Tomorrow is a big day for you. A big day for us all, really. It’s the first day of kindergarten and, as such, the first day of a new stage in your life.
It’s not your first time at school. Last year, you attended a lovely pre-school — three days a week plus two days on either side of daycare in the same location. On most weeks, you were there for at least a few hours each day.
But you didn’t have to be. There were plenty of days that you and I decided to head up the canyon for a day of snowboarding, or take a hike in the foothills, or just stay home, turn on a movie, and snuggle on the couch in our pajamas. It was lovely.
But come tomorrow at 8:10 a.m., you’ll be expected to be in Ms. Gallagher’s room. And you’ll be expected to be there for the entire school day. And on Thursday you’ll do it again. And on Friday. And then again on Monday. And so on and so on and so on. And it won’t be so easy to skip out as it was last year, when on more than one occasion I recall you asking, “Daddy, are you thinking what I’m thinking?”
I often was.
Look, this isn’t a bad thing. It means you’re growing up, just a little bit. And when we grow — if we’re doing it right, at least — we take on greater responsibility. We learn to pick up our own toys. Then perhaps we earn a chore or two. Then we go to school, where we are expected to be cooperative and polite and curious and to play well with others. We learn and learn and learn.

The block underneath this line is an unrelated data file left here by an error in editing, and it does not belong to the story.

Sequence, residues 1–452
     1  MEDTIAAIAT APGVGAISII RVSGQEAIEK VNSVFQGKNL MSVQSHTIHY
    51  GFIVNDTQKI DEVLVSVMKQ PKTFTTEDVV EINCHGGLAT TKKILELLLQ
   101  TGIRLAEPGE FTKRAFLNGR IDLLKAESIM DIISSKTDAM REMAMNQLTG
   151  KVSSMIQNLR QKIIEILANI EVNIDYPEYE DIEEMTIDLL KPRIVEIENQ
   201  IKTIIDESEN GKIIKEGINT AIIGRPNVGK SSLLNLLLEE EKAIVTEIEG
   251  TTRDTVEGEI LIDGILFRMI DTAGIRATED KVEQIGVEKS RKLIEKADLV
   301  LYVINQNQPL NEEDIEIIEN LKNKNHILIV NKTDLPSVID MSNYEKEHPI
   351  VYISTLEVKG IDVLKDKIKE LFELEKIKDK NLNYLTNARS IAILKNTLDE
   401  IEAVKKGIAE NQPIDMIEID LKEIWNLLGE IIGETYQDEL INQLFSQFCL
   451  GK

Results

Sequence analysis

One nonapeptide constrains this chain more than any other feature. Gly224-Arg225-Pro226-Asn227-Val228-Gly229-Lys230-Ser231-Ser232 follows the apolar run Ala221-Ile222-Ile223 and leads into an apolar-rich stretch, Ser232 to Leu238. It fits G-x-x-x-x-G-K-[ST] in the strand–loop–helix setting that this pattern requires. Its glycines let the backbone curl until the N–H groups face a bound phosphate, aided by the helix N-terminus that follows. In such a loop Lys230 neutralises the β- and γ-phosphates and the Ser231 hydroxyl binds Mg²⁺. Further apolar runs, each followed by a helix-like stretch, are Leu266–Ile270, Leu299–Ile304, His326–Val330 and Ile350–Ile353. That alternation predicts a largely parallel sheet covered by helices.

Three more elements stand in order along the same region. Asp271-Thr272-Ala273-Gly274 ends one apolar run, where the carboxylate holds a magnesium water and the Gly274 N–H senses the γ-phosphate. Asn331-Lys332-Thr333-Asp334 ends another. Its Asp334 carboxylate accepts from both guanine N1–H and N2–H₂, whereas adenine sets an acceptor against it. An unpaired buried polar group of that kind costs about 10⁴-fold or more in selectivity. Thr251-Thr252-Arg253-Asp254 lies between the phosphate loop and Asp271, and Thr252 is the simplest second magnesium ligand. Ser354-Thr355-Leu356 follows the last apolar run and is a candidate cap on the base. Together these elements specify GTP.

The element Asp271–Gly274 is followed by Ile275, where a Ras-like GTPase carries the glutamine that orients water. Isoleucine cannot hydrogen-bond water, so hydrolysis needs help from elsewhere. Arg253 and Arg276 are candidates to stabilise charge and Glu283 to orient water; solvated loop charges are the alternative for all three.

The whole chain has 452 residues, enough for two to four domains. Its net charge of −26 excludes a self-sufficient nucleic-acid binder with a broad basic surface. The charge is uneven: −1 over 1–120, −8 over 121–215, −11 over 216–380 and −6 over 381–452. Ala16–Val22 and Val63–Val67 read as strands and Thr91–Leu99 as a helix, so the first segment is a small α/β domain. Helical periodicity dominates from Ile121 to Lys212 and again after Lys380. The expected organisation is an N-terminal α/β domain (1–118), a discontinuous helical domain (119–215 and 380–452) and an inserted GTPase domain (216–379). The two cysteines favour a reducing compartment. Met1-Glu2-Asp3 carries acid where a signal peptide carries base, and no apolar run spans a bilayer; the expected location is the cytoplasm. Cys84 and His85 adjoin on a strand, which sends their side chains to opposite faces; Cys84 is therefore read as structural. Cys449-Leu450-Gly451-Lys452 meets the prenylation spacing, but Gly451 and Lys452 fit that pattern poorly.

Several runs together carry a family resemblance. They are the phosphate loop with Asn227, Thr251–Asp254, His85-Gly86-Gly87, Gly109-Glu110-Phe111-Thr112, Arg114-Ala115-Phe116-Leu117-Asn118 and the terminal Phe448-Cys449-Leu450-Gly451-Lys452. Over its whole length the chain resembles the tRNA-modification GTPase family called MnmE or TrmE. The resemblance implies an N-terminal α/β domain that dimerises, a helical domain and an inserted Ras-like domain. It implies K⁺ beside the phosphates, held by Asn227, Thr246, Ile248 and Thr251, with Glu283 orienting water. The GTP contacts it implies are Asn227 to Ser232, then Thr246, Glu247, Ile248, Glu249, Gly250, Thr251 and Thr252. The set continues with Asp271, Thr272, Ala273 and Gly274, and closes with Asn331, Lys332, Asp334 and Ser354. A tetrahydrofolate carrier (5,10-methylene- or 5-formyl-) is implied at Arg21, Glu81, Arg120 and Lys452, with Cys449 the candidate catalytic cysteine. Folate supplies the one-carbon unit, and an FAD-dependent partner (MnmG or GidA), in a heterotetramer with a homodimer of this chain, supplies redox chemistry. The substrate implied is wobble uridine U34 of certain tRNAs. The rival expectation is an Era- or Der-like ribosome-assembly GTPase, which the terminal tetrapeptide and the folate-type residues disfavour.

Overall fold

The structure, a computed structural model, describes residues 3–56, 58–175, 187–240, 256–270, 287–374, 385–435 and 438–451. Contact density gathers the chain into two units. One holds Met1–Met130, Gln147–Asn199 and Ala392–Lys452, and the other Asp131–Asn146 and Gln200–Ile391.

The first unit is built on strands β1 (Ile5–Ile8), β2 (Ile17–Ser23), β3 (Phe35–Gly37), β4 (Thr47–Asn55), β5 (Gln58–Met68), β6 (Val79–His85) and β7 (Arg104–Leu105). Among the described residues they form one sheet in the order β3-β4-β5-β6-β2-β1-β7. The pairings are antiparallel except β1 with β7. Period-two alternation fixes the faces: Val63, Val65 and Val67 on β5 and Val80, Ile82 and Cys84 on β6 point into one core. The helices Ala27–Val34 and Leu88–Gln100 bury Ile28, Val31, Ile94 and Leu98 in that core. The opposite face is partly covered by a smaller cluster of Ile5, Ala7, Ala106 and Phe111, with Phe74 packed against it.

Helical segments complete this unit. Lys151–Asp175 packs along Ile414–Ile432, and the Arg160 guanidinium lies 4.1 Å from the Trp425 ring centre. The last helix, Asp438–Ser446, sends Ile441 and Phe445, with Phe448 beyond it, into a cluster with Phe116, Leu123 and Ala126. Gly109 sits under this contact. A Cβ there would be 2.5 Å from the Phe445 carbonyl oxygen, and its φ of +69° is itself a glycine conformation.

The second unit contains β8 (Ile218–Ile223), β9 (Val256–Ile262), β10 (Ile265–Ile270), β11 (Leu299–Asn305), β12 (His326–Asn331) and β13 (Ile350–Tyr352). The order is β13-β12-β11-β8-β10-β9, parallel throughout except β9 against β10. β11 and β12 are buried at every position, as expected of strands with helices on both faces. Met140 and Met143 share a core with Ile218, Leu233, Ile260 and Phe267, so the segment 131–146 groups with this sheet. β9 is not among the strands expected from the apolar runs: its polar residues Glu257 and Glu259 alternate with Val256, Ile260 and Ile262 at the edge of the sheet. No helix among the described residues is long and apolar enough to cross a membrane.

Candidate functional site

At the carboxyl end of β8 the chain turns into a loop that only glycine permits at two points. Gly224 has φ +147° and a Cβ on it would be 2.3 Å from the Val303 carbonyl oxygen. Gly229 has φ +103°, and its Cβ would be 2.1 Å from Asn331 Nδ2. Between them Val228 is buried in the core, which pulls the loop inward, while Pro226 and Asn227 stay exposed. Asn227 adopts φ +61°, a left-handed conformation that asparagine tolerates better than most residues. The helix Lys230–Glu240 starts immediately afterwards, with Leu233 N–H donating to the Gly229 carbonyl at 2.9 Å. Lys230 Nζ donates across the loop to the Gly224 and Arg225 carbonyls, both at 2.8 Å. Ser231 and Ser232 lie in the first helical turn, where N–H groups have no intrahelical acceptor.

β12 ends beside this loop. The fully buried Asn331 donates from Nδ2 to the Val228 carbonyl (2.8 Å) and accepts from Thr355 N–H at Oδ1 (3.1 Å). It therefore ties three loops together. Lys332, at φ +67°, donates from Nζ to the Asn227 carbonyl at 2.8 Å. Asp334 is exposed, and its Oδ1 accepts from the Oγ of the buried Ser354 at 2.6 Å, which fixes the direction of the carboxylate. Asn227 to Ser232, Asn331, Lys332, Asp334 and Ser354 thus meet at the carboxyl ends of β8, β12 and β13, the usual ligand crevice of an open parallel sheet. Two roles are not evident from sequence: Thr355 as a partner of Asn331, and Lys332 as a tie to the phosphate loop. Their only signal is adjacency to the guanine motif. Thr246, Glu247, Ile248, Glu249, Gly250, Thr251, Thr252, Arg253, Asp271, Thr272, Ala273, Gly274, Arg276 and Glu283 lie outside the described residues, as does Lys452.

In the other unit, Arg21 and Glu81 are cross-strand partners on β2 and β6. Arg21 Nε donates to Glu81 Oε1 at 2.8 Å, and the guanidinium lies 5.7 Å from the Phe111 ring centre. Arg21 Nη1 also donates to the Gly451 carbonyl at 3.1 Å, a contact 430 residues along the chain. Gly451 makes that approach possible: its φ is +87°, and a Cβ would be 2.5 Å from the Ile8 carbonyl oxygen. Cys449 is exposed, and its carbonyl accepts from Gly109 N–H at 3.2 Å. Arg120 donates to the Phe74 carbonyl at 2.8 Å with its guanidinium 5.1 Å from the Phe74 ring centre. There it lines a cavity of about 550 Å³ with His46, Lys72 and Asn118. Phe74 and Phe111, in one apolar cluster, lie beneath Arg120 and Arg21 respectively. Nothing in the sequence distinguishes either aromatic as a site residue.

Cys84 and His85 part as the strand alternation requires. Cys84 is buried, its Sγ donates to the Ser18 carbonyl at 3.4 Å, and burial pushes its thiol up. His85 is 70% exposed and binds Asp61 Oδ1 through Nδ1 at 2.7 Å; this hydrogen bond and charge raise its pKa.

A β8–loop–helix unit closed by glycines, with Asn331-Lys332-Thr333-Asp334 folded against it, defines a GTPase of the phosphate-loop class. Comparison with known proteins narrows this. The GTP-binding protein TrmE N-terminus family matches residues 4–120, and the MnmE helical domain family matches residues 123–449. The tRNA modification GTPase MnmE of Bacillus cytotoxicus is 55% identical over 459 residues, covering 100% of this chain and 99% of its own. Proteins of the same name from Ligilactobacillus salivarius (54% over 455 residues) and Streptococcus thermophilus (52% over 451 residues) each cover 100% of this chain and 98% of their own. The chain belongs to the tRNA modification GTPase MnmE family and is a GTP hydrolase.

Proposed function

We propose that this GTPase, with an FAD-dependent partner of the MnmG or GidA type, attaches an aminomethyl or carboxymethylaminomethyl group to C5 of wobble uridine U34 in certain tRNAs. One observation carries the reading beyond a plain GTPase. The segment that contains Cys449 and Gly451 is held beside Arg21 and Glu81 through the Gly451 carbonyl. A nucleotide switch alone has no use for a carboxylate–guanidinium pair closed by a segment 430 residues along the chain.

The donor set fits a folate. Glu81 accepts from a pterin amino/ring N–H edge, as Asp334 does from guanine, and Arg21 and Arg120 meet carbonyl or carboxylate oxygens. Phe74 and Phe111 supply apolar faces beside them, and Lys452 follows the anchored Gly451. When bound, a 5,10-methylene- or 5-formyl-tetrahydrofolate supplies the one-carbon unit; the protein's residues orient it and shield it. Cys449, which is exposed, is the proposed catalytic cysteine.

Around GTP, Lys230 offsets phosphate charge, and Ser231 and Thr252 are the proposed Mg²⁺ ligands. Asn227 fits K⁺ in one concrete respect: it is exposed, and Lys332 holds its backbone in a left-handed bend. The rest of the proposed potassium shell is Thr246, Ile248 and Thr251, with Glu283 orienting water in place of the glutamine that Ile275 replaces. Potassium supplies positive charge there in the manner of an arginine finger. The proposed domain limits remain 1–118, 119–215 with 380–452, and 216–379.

Little by little we begin to accept more responsibility. And ultimately, we are able to give more care to others than we need ourselves.
And if there’s a point to this life, I think that really must be it.
Already, you’re on your way. At your bedside tonight, after singing your lullaby, I leaned in, kissed your head and told you that I am proud of who you are and who you are becoming.
“Why?” you asked.
“Because,” I said. “You are smart, brave, beautiful, tough and very, very kind.”
“You always say that.”
“I always mean it.”
“And you always will?”
“Yes,” I said. “I always will.”
It came upon me, the other day, that true happiness is feeling as though you are where you are supposed to be. I’m happy a lot, lately.
I’m happy tonight. Happy for our family. Happy for you.
I know this transition might be a little rough. But I have a strong feeling that soon you will feel that you are right where you are supposed to be.
And if, on occasion, you don’t feel that way, don’t fret. Just turn to me, smile knowingly as you do, and say, “Daddy, are you thinking what I’m thinking?”
I often will be.